Sunday, March 09, 2008

Medtronic Customer

I’d like to report that I chose the ICD (Implantable Cardiac Defibrillator) that’s currently in my left “subclavian” space. I did not.

That task fell to Alex Drtil, the cardiologist who installed it this past Thursday morning, Of the “Big Three” companies involved in cardiac pacing and defibrillation, Medtronic was his choice...probably because it was before noon and the weather was cloudy. (Medtronic, like the others, doesn’t much advertise to its prospective patients except in the vaguest ways.)

Woowhee! I got me a Medtronic VirtuosoTM tachyarrhythmia management system complete with ConnexusTM wireless telemetry – so many trademarks on the Medtronic website you’d think every Tom, Dick and Harry was in the pacemaker business…and that cardiologists actually remember all these trade names. I doubt it.

I did work on Medtronic business years and years ago, in Minnesota. Then the big problem was getting cardiologists to select a brand name out of the (then) dozen or so pacemakers available. Now, there’s even a Medtronic sales technician in the cath lab with the implantation team, monitoring the performance of the ICD over what I suppose is Connexus wireless.

This same, very pleasant young woman became a little confused when I asked her if I could use the ICD’s WiFi capability for my own laptop. When she confessed that the Virtuoso unit did not allow for this, I asked about the coupons.

“Coupons?” she responded blankly. “Yes,” I replied strongly. “I’m sure I read that Medtronic was offering its customers half-price dinners and suchlike in coupon booklets if they had one of its units installed. Don’t you know about the coupon program?” She admitted she didn’t know anything about coupons and retired to her console in confusion. (I apologized to her the next day when she stopped by my palatial medical suite to check the unit – again via the Connexus system. I’d like to think she’s checked with the Medtronic marketing people about the coupon book.)

I was pretty much awake during the entire procedure though I couldn’t see anything – they’d draped my head in a tent-like structure. Possibly so I couldn’t see that the doctor was actually implanting a used crankcase cam from a 1948 Chrysler boat engine in my chest. At least, that what I thought he told me. But the procedure went smoothly. I’d like to thank everyone in the room (including me for not screaming like a little girl). The procedure went smoothly – despite the fact that I was wearing a strobe light on my head throughout the entire procedure.

You see, I attended the Subsea Tieback Forum in Galveston earlier in the week. While visiting with Esmeralda McLeane and Tom Taylor at the WellDynamics booth, they gave me this nifty, hang-around-your-neck colored strobe light with the company name on it – I told them I’d wear it for the operation.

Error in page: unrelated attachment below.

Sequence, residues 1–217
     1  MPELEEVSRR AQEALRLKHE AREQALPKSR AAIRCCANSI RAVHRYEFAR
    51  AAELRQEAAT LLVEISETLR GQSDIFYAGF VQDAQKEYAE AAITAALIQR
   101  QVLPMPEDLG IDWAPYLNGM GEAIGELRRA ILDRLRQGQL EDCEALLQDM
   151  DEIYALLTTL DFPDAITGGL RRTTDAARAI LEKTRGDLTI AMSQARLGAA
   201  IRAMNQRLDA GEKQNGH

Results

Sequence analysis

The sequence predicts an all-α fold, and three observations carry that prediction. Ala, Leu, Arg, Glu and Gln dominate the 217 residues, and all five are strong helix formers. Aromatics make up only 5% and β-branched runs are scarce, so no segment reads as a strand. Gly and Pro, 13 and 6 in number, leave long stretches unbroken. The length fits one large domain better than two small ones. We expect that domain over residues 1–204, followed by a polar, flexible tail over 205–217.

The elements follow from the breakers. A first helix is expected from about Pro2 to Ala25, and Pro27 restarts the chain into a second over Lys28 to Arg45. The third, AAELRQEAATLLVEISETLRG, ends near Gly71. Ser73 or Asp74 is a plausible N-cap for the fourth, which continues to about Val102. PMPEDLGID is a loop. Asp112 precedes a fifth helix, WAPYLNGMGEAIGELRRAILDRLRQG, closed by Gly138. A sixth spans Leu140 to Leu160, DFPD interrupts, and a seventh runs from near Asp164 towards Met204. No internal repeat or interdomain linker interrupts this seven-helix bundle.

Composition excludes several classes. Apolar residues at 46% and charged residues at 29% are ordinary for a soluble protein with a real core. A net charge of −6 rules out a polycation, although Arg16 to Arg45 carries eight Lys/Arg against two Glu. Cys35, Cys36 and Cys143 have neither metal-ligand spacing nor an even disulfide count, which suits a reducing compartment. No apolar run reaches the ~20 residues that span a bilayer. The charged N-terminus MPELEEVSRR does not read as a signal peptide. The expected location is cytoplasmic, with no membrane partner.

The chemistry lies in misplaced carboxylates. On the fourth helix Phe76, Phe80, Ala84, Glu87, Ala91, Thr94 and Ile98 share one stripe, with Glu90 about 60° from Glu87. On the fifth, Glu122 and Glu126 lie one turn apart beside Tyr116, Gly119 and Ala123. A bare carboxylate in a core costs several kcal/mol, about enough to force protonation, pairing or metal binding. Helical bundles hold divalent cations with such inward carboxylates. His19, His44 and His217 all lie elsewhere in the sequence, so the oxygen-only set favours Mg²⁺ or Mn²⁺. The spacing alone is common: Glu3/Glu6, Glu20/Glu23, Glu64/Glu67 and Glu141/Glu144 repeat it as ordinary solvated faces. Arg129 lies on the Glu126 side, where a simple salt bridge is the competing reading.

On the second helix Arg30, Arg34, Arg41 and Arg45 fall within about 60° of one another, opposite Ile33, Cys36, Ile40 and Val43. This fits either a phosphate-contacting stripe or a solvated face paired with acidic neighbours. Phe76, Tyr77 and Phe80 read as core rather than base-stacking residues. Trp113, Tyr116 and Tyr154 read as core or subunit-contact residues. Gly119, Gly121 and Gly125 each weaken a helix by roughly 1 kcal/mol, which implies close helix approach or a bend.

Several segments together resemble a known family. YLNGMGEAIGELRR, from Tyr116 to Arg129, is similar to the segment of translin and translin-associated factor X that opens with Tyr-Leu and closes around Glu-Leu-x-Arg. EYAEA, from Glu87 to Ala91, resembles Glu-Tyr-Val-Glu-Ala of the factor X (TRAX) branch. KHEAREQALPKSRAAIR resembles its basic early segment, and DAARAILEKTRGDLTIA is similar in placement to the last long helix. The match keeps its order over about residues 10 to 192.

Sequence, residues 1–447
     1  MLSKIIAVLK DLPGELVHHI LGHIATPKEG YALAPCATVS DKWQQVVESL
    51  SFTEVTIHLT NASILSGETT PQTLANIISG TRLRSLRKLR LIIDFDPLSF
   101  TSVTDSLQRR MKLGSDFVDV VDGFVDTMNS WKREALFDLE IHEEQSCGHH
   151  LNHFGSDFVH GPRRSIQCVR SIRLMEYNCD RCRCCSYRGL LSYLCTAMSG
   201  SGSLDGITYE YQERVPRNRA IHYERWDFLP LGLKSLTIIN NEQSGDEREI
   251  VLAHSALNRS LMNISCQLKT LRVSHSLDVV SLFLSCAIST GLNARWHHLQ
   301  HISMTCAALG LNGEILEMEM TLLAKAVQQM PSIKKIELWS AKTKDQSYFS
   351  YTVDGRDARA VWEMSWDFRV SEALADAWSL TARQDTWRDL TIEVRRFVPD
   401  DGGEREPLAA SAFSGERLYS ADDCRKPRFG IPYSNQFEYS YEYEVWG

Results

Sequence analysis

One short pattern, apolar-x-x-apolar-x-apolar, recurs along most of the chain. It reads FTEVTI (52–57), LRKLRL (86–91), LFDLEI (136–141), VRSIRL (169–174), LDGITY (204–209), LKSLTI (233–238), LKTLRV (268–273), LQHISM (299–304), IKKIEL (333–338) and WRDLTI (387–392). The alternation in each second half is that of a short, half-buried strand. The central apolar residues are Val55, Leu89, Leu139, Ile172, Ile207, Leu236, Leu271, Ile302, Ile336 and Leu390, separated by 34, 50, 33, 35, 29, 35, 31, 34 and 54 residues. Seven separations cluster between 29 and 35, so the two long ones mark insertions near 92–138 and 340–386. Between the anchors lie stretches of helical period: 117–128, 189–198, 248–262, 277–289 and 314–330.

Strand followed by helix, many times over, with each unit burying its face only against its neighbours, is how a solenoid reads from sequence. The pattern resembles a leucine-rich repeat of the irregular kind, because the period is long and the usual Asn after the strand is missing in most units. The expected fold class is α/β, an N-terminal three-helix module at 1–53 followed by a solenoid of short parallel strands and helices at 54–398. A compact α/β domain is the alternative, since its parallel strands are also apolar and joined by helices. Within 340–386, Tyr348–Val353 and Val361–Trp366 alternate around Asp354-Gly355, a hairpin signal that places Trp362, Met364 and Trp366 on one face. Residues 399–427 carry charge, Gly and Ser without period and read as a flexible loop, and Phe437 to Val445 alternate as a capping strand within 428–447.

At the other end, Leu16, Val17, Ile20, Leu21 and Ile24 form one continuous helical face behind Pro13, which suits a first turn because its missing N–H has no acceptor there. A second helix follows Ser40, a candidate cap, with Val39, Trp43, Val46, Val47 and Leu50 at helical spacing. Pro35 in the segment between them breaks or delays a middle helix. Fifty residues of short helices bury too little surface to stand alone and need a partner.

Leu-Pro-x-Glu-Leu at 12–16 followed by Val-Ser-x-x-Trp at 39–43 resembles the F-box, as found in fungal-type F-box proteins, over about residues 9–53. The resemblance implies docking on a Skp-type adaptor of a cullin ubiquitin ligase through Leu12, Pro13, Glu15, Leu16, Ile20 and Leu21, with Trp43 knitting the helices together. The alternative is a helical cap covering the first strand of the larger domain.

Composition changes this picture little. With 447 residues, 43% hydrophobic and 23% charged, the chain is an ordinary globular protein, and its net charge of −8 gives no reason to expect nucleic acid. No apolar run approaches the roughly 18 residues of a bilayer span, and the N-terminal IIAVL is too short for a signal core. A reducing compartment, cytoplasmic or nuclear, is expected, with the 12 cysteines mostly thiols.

So I did. Barbara attached it to my forehead with a piece of tape and I switched it on while the nurses were wheeling me into the cath lab. I told them, “It’s my connection with the higher ethereal plane – I won’t need anesthesia, you see.” I could tell this wasn’t entirely believed. But the cardiologist took one look at it, burst out laughing and told me I had to wear it throughout the entire procedure. Afterwards, he took a cellphone picture of it and if he shares it with me, you’ll see it here eventually.

So extra thanks to WellDynamics for the laugh – higher plane or not, it works just as well as the Medtronic Virtuoso ICD with Connexus wireless telemetry. And I bet it cost a whole lot less.

Next post: “Exploring Subclavian Space with Captain Kirk and the Crew of the Starship Enterprise.”


Beryt Nisenson said...

Six days without a shower? Geez!!! Well, at least you'll have a healthy ticker. Hugs for a speedy recovery.

Terry LeFebvre said...

Richard, I hope everything goes well and that you are feeling well real soon.

Richard Laurence Baron said...

BTW, Dr. Drtil is just one on my cardiologists - he specializes in the electrical side. Pretty nice guy, good bedside manner; stands a meter-ninety-eight or so; and hangs out with Houston Arrhythmia Associates, 915 Gessner Road, Suite 585, Houston 77024.

My original cardiologist (the plumber), Stu Jacobson, calls Alex "vowel-deprived."

Melanie Levine said...

Not everyone has their own personal cardioelectrician. Glad you are doing better - it has, obviously, not affected your sense ofhumor!

Guess we won't invite you to any HSIG meetings since you are not showering. Bet you are glad this didn't happen in August.

Laura said...

That's fantastic! Glad you are recovering nicely. I'm sure WiFi connectivity and the coupon book will be available've gotta get something out of this whole fiasco, right?